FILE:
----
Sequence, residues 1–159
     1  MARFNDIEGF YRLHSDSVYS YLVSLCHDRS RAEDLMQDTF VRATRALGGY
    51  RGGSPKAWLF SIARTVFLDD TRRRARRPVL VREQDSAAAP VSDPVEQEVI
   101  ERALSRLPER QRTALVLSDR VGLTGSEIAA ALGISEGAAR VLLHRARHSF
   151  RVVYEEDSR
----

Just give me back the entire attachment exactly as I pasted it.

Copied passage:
Sequence, residues 1–159
     1  MARFNDIEGF YRLHSDSVYS YLVSLCHDRS RAEDLMQDTF VRATRALGGY
    51  RGGSPKAWLF SIARTVFLDD TRRRARRPVL VREQDSAAAP VSDPVEQEVI
   101  ERALSRLPER QRTALVLSDR VGLTGSEIAA ALGISEGAAR VLLHRARHSF
   151  RVVYEEDSR